Embryonic stem cell research’s best kept secret

MSM does its best to slant almost every news story in favor of embryonic stem cell research, or at least not against it. But in the interest of “fairness,” it is forced to quickly type – in teeny-tiny font size – little truths in the midst of its spin, expecting people not to notice. Most don’t. But these embryonic truths are indeed buried in most stem cell stories, for the discerning eye to spot.
Such as today….

“Using stem cells derived from the patient’s own spinal cord, a team of Korean scientists have revived the damaged part of his brain,” reported Seoul, South Korea’s Chosun.com today. The article added that 64 of 74 patients treated for various arterial and bone disorders with their own spinal cord cells showed “significant improvement without any signs of side effects” (emphases mine).
That’s a great story (no one will hear about), but stop. What are the side effects? ABCNews.com added that researchers reported “no side effects such as immunity rejection during the therapy” (emphasis mine).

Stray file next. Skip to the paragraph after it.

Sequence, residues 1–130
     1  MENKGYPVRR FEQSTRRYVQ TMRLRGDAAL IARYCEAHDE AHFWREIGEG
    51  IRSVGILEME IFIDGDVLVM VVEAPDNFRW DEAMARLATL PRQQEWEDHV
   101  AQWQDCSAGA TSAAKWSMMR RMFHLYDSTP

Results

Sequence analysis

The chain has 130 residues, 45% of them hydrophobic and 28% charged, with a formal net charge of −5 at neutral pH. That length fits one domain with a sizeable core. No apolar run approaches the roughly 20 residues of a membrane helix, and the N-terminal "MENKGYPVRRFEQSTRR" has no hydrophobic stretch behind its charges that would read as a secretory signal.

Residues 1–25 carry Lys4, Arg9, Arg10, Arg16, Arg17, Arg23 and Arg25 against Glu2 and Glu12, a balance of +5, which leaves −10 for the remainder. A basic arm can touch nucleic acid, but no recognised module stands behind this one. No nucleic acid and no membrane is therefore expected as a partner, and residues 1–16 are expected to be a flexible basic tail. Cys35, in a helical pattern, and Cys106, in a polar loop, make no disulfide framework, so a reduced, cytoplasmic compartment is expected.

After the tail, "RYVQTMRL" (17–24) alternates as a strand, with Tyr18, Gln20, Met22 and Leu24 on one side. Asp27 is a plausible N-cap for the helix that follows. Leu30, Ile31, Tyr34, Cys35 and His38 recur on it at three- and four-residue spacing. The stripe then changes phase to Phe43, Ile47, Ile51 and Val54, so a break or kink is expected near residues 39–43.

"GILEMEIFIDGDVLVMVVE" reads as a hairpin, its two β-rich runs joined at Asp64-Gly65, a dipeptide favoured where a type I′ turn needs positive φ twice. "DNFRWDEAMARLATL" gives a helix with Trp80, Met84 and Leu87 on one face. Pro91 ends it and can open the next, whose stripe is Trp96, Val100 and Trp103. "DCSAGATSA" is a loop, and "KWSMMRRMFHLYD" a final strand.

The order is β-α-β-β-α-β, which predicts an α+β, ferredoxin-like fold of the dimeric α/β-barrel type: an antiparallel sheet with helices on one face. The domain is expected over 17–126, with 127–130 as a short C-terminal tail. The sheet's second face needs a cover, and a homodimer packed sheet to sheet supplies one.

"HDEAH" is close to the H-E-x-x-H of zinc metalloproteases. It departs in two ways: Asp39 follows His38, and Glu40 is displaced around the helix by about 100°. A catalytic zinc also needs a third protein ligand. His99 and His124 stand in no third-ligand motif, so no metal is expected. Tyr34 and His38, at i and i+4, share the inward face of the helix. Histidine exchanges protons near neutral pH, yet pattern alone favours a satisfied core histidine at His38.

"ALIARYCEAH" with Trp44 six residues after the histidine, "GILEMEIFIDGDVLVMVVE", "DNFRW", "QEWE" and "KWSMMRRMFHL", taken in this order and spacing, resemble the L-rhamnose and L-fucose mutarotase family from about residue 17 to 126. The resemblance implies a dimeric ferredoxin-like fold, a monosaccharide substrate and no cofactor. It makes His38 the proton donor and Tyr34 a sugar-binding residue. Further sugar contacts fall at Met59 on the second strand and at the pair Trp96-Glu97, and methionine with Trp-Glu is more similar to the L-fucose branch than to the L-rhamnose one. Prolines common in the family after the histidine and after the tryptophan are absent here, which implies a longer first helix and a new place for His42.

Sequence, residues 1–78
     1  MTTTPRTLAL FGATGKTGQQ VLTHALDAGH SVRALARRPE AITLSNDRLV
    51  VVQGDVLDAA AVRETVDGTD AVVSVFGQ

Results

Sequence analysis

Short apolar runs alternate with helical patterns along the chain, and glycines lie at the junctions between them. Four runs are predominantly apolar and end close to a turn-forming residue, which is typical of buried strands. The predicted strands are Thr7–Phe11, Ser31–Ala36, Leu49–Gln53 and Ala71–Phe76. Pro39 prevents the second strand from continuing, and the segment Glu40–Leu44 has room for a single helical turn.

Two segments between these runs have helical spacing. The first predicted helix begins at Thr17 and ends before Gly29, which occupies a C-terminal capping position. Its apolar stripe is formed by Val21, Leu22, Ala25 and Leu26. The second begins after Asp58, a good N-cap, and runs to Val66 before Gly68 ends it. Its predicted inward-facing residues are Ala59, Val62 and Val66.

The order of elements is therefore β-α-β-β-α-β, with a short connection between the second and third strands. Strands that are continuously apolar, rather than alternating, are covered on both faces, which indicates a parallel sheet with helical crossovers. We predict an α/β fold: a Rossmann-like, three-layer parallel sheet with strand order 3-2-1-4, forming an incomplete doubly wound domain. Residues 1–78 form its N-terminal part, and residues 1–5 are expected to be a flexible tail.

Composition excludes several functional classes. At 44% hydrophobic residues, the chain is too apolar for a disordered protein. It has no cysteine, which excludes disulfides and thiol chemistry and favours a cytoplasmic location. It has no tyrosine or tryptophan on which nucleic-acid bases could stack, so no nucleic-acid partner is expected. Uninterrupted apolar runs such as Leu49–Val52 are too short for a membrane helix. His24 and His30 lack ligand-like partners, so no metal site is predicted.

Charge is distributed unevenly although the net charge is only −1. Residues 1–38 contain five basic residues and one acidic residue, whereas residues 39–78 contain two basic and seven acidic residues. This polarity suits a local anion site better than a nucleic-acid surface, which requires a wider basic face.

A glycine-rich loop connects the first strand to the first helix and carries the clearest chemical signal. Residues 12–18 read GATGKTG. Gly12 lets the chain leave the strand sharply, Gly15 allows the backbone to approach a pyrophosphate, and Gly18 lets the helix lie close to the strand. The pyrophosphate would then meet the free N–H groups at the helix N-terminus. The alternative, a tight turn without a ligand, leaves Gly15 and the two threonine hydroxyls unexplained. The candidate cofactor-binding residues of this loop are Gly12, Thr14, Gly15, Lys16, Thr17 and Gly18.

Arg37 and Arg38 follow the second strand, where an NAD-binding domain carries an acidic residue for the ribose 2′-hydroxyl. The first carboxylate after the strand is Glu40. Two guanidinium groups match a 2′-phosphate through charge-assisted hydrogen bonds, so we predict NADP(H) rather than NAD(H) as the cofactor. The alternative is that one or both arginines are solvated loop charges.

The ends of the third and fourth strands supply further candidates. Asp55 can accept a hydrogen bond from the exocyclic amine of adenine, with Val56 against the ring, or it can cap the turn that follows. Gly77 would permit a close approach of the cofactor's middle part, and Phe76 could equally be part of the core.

The best kept secret of ESCR is that it will fail without human cloning. It’s all about the match. We’re all familiar with this concept due to the decades-old bone marrow (one type of adult stem cell) transplant program. A key to treatment is finding an exact match between donor and recipient.
All these embryonic stem cell experiments that researchers are trying to get taxpayers to fund on the premise of treating just about every disease known to humankind will rarely if ever match recipients, because embryos are unique humans who grow their own unique cells.
This is why human cloning is so closely tied to ESCR. Only cloning will result in guaranteed exact matches. Just try to get rid of cloning – excuse me, somatic cell nuclear transfer – verbiage in legislation. Go ahead, try. They’ll bite your head off (and probably steal your stem cells).
This is why we’re having so much trouble passing anti-cloning legislation federally and in various states. To do so would cause ESCR to die in the petri dish.

24 thoughts on “Embryonic stem cell research’s best kept secret”

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    The Curt Jester says:

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